Enjoy. This goodness goes quickly – I almost didn’t get a picture before it was gone!
It’s about that time again, chaps. Heather from catering duo Corker and Mills is bringing us the November installment of their tasty recipes.
This month we’re baking with everyone’s favourite November flavour, pumpkin. And who better to take us through some taste sensations than our resident Yank….
Pumpkins derive most of their fame from being turned into scary Halloween Jack-o-lanterns or pretty princess carriages a la Disney’s Cinderella and some bibbity-bobbity-boo.
But I, personally, like to eat them. Pumpkin soups and pumpkin seeds and pumpkin breads and pumpkin pie and pumpkin lattes… yeah, good.
I use tinned pumpkin when I bake / cook because A) boiling and disecting and scraping the inside of a pumpkin is a pain and B) I’ve tried the boiling-disecting-scraping game before, only to discover that after all my efforts – and blood and sweat and tears to be authentic and rustic and cool – my pie/bread/soup ended up tasting THE EXACT SAME as using the can. No love is won over for extra effort here. (quick tip : Waitrose has just begun selling Libby’s tinned pumpkin!)
Pumpkin loaf (makes two loaves)
These loaves can be kept in the freezer for up to a week after baking. Let cool completely, wrap in plastic wrap/ bag and pop it in the freezer! (and obvs let it thaw for a few hours – 3 or 4 is good – before trying to slice and try and a later date)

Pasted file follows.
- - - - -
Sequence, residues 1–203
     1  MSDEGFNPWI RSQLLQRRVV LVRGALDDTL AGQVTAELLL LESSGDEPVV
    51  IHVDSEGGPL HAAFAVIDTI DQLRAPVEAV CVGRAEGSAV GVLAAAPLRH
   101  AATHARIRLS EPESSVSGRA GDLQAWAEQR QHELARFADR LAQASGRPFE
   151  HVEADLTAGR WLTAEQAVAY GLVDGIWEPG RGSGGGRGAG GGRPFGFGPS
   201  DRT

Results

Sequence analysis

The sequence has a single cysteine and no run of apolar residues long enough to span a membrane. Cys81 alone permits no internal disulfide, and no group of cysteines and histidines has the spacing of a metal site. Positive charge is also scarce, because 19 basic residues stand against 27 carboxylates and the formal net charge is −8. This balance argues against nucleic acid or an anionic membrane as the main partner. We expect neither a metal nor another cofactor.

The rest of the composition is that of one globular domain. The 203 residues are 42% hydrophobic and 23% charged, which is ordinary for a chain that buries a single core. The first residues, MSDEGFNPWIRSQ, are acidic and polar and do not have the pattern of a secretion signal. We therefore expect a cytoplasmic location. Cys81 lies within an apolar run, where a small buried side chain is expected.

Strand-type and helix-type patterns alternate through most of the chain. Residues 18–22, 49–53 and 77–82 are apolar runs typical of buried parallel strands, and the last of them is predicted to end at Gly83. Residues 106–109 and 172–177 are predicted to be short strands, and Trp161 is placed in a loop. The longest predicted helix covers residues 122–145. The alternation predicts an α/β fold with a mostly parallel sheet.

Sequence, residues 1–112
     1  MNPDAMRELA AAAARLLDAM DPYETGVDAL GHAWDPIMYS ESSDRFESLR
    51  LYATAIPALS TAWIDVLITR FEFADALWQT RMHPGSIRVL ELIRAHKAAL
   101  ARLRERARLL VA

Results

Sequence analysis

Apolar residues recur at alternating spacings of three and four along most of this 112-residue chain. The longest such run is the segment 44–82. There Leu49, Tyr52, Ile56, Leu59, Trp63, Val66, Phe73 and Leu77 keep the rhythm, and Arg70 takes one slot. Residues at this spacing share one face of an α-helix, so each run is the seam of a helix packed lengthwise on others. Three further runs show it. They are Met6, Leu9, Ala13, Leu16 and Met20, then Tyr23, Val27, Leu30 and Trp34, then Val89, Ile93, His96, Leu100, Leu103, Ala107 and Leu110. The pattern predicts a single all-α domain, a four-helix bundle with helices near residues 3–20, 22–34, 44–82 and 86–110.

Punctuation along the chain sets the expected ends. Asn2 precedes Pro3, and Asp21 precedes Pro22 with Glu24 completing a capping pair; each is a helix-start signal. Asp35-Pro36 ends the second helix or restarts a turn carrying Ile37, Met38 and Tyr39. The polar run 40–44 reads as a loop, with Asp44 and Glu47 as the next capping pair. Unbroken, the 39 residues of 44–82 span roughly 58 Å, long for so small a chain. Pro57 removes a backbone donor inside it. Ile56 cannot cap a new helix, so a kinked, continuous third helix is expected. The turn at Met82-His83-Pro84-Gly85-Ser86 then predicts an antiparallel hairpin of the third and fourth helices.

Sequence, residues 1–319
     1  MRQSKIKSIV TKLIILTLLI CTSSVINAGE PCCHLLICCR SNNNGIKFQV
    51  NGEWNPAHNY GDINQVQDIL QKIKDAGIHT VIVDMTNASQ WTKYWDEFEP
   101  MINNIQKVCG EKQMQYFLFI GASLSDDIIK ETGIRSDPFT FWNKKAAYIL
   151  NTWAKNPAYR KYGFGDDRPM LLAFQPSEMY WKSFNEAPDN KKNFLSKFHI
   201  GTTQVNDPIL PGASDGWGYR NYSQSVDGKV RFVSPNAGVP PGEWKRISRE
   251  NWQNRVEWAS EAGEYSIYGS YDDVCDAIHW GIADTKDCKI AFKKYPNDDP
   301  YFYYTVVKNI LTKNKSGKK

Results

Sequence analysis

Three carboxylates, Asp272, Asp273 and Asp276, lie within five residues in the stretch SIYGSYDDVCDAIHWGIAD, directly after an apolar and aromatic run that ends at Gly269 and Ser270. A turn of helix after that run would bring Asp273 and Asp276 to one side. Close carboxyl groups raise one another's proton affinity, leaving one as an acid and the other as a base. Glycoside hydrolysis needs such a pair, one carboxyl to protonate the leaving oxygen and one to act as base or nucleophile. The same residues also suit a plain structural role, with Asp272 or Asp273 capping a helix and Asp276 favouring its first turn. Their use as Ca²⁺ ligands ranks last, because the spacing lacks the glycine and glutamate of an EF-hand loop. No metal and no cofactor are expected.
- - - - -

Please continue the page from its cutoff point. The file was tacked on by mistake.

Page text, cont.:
- 2 cups flour (approx. 240g)
- 2 teaspoons baking soda
- 1/4 teaspoon salt
- 1 tablespoon cinnamon
- 1/2 teaspoon ginger
- 1/2 teaspoon allspice
- 1/4 teaspoon ground cloves (or nutmeg)
- 1 cup butter (2 sticks) soft
- 1 cup sugar (approx. 200g)
- 1 cup packed brown sugar (approx. 220g)
- 4 eggs
- 1 teaspoon vanilla
- 1 can (15 ounces) pumpkin
- Sift dry ingredients, set aside.
- In a separate bowl, beat butter and sugars until light and fluffy. Add eggs and mix in one at
- a time.
- Beat in Vanilla and the pumpkin puree with the last egg.
- Stir the pumpkin mixture into the flour mixture until just incorporated.
- Pour batter into a lined loaf tin
- Bake at 180 C for approximately 40-45 minutes or until a toothpick inserted into the
- middle of the loaf comes out clean.